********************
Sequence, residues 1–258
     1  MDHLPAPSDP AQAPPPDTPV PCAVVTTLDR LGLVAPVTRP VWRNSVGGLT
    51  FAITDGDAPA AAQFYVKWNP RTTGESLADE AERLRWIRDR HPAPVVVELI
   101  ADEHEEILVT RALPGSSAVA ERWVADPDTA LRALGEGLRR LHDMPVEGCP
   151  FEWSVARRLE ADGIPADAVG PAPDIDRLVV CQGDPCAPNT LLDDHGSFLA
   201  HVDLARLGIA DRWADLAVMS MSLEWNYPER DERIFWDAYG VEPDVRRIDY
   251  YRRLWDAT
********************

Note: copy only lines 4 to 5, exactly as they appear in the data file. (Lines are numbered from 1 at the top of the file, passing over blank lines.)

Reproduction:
   101  ADEHEEILVT RALPGSSAVA ERWVADPDTA LRALGEGLRR LHDMPVEGCP
   151  FEWSVARRLE ADGIPADAVG PAPDIDRLVV CQGDPCAPNT LLDDHGSFLA